Step 2: Do You Have Consumers or Customers (and What’s the Difference?)
Businesses that are significantly engaged in providing financial products or services are “financial institutions” under the GLBA. However, this does not end the inquiry, as a businesses’ compliance requirements depend on whether their clients are “consumers” or “customers.” Of course, the distinction between a consumer and a customer is not one that most businesses typically make. Thus, making this classification may be foreign. However, it is critical to assessing GLBA compliance risk.
The FTC defines a consumer as “someone who obtains or has obtained a financial product or service from a financial institution that is to be used primarily for personal, family, or household purposes, or that person’s legal representative.” On the other hand, a customer is” a subclass of consumers who have a continuing relationship with a financial institution.” Thus, all customers are consumers, but not all consumers are customers.
The importance of the distinction comes down to the fact that a businesses’ obligations under both the Privacy Rule and the Safeguard Rule depend, in part, on whether a client is a customer or a consumer.
Step 3: Do You Have Access to Non-Public Information (NPI)?
In this context, the GLBA is primarily concerned with non-public information (NPI). Non-public information is any personally identifiable financial information that a financial institution collects in connection with providing a financial product or service unless that information is otherwise publicly available. Generally, this is any information that a financial institution acquires or has access to by virtue of its relationship with a consumer. More specifically, NPI includes the following information about a customer:
- Social security number
- Any information provided in an application for a financial product or service
- Any information pertaining to a consumer’s account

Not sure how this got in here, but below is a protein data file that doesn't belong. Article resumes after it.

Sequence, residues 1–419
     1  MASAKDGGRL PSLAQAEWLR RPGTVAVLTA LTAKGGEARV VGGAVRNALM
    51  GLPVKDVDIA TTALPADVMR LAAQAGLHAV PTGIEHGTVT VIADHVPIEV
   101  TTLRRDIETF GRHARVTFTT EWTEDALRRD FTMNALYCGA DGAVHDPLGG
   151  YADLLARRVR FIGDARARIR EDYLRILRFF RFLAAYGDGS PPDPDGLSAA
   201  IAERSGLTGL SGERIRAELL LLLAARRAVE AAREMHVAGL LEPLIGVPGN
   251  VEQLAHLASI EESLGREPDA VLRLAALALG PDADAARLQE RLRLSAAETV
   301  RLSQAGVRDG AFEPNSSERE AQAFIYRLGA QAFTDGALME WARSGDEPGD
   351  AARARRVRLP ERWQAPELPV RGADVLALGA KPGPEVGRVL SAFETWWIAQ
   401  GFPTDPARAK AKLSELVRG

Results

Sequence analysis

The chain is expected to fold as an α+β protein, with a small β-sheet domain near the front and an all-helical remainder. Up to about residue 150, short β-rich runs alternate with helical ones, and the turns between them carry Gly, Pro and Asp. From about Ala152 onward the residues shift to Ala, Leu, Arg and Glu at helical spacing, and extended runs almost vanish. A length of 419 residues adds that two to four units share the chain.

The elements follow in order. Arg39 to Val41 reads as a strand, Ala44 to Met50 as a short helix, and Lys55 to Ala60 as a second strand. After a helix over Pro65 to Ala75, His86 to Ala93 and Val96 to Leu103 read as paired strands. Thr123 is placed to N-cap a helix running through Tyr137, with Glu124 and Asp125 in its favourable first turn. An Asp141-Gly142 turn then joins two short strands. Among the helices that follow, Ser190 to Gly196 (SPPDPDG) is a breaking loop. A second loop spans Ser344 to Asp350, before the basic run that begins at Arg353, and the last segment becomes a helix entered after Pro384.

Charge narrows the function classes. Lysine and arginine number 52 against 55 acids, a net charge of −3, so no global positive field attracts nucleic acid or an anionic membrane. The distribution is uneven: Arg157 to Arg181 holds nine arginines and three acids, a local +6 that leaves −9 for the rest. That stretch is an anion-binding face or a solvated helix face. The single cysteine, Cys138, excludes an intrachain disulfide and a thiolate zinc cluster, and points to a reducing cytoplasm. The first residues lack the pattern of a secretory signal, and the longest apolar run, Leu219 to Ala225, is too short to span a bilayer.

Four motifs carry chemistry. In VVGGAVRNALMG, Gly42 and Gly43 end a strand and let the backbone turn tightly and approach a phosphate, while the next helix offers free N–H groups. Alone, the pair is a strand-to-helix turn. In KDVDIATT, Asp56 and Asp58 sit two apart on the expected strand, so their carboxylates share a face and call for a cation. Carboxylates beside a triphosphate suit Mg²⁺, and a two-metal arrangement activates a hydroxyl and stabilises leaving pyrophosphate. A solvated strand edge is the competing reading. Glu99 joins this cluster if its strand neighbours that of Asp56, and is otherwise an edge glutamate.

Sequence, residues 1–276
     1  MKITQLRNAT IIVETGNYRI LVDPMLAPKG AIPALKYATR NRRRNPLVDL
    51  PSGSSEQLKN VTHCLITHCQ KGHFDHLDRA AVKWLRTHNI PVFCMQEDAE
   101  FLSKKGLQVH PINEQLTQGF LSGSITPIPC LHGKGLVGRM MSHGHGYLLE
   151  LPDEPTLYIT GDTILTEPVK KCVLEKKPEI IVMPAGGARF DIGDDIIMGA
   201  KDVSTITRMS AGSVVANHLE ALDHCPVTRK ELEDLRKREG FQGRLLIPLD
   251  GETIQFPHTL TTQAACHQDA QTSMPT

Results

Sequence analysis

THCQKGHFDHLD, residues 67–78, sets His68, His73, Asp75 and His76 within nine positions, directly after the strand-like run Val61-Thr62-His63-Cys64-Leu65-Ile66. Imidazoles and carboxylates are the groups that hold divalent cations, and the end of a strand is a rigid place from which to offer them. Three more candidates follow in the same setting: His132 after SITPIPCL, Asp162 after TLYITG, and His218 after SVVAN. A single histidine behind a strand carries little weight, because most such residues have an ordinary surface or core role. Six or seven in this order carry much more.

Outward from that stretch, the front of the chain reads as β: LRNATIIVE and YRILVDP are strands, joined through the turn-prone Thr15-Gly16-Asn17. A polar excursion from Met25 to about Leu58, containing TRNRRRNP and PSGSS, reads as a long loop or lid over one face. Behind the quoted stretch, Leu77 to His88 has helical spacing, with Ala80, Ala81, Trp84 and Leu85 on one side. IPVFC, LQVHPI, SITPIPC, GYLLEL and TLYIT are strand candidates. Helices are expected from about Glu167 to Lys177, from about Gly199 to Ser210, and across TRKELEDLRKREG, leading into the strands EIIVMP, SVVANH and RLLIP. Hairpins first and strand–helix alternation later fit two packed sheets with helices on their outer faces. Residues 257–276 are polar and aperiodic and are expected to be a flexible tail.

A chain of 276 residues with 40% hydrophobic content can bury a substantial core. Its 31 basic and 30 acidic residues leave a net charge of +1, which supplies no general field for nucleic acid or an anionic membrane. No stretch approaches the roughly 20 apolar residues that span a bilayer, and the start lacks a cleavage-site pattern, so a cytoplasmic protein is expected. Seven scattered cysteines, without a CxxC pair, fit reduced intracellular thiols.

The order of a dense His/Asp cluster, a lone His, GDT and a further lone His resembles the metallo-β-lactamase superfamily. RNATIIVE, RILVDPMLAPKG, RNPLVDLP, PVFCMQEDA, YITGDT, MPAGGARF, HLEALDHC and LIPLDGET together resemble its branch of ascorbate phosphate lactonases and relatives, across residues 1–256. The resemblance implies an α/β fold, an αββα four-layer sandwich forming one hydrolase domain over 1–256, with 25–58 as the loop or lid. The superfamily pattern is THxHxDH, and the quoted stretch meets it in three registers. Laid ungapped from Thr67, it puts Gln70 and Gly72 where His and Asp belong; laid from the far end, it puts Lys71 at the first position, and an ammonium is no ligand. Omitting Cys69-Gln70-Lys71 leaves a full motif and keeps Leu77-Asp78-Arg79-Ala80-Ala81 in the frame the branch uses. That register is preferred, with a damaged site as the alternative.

- Any information obtained by virtue of providing a consumer with a financial product or service
If a business has access to a consumer’s or customer’s NPI, it must take the necessary steps to safeguard that information. Additionally, the business may also need to issue privacy notices to the customer and, in some cases, a consumer, outlining the company’s policies and practices. What a business must provide in a privacy notice depends on how the business uses the information.
By reviewing each of these three steps, a business will have a better idea of its GLBA compliance obligations. From there, the next step is to work with an experienced corporate compliance attorney to develop a comprehensive compliance program to meet those needs.
Contact an Experienced GLBA Compliance Law Firm for Assistance
If you have questions about GLBA compliance or are unsure how the GLBA applies to your business, the knowledgeable corporate compliance lawyers at Oberheiden, P.C. can help. Oberheiden, P.C. is highly experienced with working with businesses to assess their compliance risk under the GLBA and a host of other federal laws. We routinely work with businesses across all industries, giving us an in-depth knowledge of how the GLBA applies in even the most specific and complex circumstances. To discuss your company’s GLBA risk assessment needs with one of our senior corporate compliance attorneys in confidence, please call 888-680-1745 or contact us online today.